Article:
detainees was seen to wrap a
detainee’s entire head in duct tape.  
When asked why, the contractor told
an FBI agent  that it was because the
detainee “would not stop quoting the

Another FBI agent told investigators
that an interrogator exposed one
captive to hour after hour of what
was referred to in the report as
“satanic black metal
music” and then later “dressed as
a Catholic priest and baptized the
detainee in order to save him.”

Agents reported 26 eyewitness
accounts of abuse and
maltreatment, the details of which
reveal that interrogators at the
camp improvised techniques that
brutalized detainees both
physically and psychologically and
were, states the ACLU, “expressly
authorized by Defense
Department policy.”  

The FBI agents provided the
descriptions as part of a “special
inquiry” that was performed by the
FBI Inspection Division shortly
after media reports revealed wide-
spread  abuse by guards and
interrogators at the Abu Ghraib
detention facility
in Iraq.                           
it's all true
A private company that performs
software testing for electronic voting
machines has had its certification
withdrawn after federal authorities
discovered inadequacies in its
evaluation and documentation
procedures. Ciber Inc., a
Colorado-based information
technology firm, has tested software
for most of the electronic voting
systems currently in use in the United
States. The action by the US Election
Assistance Commission temporarily
bars the company from analyzing and
approving new equipment.

Ciber was ordered to suspend testing
operations in August, but the
de-certification was not made public
until last week, when it was revealed
in a
New York Times report. In July,
a team of federal assessors found
that the company had failed to
adhere to its own quality-control
procedures and could not document
that it had performed a range of
required tests. Computer experts
warn that the problems discovered at
Ciber may indicate that critical
tabulation and security software was
not properly tested on thousands of
machines already in use nationwide.

Spokesmen for the company claim
that the deficiencies exposed by the
EAC have been addressed and
corrected, and
that Ciber expects to receive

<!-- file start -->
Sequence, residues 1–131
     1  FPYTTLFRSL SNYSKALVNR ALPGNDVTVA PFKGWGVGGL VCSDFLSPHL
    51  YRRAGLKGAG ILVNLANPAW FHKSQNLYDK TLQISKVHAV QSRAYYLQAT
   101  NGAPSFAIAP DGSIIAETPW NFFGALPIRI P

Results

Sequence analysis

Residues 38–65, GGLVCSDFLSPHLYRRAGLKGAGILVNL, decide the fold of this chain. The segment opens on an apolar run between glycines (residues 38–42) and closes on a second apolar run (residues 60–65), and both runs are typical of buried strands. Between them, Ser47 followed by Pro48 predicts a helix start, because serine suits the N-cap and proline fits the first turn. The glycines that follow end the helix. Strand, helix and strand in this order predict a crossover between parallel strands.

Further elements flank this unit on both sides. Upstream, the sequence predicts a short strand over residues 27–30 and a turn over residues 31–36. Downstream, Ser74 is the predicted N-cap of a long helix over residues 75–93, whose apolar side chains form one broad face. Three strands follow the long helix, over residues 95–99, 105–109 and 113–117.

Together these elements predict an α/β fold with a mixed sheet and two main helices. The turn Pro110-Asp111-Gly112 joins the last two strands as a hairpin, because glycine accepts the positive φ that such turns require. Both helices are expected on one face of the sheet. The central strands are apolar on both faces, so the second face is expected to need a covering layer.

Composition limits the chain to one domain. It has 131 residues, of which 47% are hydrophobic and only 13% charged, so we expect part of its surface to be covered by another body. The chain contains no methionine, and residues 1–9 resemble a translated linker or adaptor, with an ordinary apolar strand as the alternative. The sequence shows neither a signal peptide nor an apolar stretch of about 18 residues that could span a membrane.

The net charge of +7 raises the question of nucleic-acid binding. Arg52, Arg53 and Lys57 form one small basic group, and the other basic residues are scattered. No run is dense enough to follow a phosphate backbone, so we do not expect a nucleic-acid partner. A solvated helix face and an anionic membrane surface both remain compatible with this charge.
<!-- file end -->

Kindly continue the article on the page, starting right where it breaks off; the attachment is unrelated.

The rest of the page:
provisional accreditation in the next
few weeks. The 2002 Help America
Vote Act mandated Federal
certification of testing laboratories,
but implementation of the procedure
did not begin until last year. Private
corporations that manufacture
electronic voting systems currently
underwrite the testing of their own
products, leading many to question
the reliability and transparency of the

EAC chair Donetta Davidson sought
to allay increasing public concern
about the technology, telling the
Associated Press, “There are a
number of layers of testing. I think it’s
very important voters do realize how
secure the process is.”  But
Professor Aviel Rubin of Johns
Hopkins University, a prominent critic
of electronic voting systems, noted
that Ciber has been engaged in
testing the machines for several
national election cycles. “What’s
scary is that we’ve been using
systems in elections that Ciber had
certified, and this calls into question
those systems that they tested,”
Rubin told the
Times. Ciber is one of
only three US firms that test voting
machines. The others, Denver-based
SysTest Labs, and Wyle
Laboratories of El Segundo,
California, both received certification
from the EAC.                    
it's all true
Bush Administration Opposed to Letters of the Law
FBI Witnesses Baptism and Other Abuses at Detention Facility
Reporters Become
Story In Iraq War
Agencies Collaborate Before They Corroborate
Firm Cheated on Tests, Receives Failing
Shell Hires Norton
To Lubricate